Kendra Brooks: Undo structural racism by nixing Philly’s 10-year tax abatement

City Council’s lone independent legislator has called for wiping out the city’s 10-year property tax abatement.

Philadelphia City Councilmember Kendra Brooks. (Emma Lee/WHYY)

Philadelphia City Councilmember Kendra Brooks. (Emma Lee/WHYY)

This article originally appeared on The Philadelphia Tribune.

City Council’s lone independent legislator has called for wiping out the city’s 10-year property tax abatement.

At-large Councilwoman Kendra Brooks, of the Working Families Party, proposed a bill on Thursday that would completely eliminate the controversial subsidy for both new construction and the rehabilitation of residential and commercial properties.

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Brooks said the legislation was part of a package, which included a proposal to levy taxes on intangible property like stocks and other financial assets, that would “ensure everyone in the city is paying their fair share.”

Brooks contended the current tax abatement accelerates gentrification and “primarily benefits luxury developers and wealthy newcomers, many of whom are white,” and has driven up home prices for Blacks and people of color for generations.

The legislation was referred to a council committee. A hearing has yet to be scheduled.

The bill would go beyond the reforms the former 17-member City Council adopted last year, which will effectively cut the abatement in half.

Starting in January 2021, the abatement for new residential construction developments will pay no property taxes on the added value in the first year, 10% in the second year, 20% in the third year and so on until they are paying the full tax assessed on the property. Abatement recipients pay taxes on the value of the land.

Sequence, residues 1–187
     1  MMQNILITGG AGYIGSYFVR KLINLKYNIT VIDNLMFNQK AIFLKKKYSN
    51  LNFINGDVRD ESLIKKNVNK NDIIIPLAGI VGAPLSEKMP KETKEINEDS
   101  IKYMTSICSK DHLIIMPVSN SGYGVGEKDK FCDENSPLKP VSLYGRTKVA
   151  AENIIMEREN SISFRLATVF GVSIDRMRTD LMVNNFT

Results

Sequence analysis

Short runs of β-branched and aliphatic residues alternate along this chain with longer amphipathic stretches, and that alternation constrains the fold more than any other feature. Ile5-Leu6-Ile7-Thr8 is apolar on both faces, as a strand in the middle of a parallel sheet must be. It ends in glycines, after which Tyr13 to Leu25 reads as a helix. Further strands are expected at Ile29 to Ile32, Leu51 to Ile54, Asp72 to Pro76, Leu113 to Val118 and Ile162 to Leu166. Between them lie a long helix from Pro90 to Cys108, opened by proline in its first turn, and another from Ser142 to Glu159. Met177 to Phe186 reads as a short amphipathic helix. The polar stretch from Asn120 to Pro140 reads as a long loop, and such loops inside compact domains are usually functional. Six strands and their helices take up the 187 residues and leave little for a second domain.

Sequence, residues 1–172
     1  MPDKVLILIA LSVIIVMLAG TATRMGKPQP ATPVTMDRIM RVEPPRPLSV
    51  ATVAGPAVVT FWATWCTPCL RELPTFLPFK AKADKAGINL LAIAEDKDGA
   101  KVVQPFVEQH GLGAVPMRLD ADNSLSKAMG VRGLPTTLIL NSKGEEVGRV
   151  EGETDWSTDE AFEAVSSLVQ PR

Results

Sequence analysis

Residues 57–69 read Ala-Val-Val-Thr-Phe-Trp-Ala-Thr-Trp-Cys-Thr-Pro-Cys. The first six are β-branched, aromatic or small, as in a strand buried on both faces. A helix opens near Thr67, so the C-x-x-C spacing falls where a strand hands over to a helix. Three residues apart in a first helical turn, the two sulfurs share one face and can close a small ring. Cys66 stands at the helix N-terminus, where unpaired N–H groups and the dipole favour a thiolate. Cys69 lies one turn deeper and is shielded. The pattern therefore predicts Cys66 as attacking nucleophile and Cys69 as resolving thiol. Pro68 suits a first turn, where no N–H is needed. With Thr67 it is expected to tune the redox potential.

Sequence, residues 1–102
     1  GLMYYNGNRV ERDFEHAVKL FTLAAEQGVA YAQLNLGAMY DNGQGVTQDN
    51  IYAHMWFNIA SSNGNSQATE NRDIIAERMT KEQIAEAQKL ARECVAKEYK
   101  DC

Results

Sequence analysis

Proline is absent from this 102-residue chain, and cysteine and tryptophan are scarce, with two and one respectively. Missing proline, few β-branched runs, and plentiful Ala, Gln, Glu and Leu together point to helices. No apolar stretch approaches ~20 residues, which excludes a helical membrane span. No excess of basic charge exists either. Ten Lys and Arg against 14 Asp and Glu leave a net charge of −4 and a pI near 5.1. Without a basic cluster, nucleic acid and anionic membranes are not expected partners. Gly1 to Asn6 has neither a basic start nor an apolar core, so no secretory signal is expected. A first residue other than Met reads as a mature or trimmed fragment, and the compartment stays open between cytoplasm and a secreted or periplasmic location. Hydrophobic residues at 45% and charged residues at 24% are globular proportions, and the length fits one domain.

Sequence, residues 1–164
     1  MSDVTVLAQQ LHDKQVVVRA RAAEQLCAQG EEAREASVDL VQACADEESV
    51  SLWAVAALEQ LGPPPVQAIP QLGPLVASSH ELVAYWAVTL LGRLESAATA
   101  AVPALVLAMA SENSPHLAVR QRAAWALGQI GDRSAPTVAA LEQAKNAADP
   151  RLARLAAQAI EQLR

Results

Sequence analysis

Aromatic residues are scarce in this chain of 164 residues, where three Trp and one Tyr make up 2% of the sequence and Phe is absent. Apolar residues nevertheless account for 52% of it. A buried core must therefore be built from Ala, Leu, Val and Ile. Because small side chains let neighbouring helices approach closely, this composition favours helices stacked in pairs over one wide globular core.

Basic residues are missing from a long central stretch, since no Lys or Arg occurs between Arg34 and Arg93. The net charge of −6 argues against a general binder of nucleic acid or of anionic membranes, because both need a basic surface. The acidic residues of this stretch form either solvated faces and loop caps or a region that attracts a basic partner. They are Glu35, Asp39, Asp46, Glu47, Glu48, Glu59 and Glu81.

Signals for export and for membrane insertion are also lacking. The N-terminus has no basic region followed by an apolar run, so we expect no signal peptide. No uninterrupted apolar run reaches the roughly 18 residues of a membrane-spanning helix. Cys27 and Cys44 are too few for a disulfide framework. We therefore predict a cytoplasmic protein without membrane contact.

In addition, the economic free fall stemming from the novel coronavirus pandemic has created new challenges for the city, Brooks said. The pandemic has blown a $649 million hole in the city’s budget.

“If we are truly committed to dismantling oppression in Philadelphia, we must respond to the structural racism with structural changes,” Brooks said.

Brooks’ proposal to tax intangible property would revive a 20th-century city tax, which suffered from lax enforcement and was repealed in 1997. The proposed tax on stocks, business trusts, mutual funds, bonds and other financial instruments could potentially raise $50 million a year, according to Brooks’ office.

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An old debate reopened in a new political moment

The first-term council member said the bills would advance racial equity.

“For years, working-class and poor communities of color have been starved of wealth and resources into systemic racism,” Brooks said.

“Homeownership is one of the main determinants of wealth and through red-lining, gentrification, evictions and foreclosures many Black communities have been deprived of this opportunity.”

It remains to be seen whether members of City Council have the political appetite to debate changes to the decade-long tax abatement again.

The effort to reform the 10-year tax abatement had progressed in fits and starts over nearly two years in the previous City Council before legislators rushed to approve the changes during the last session of the term in 2019.

The changes to the abatement program adopted last year were the first since 2000. Several attempts to alter the program before last year had failed.

The building lobby fought last year’s reforms and strongly opposes any further changes to the program. The Kenney administration cast doubt on reforming the abatement over concerns of lost revenues and successfully strong-armed City Council into delaying the start date of the current reforms.

The tax abatement program became a contentious issue during the 2019 primary election, when many political newcomers, including Brooks, called for eliminating it entirely.

The tax abatement program exempts property owners from paying city and school taxes on the added value from new construction or rehabilitation of both residential and commercial properties for a decade. Abatement recipients do pay taxes on the value of the land.

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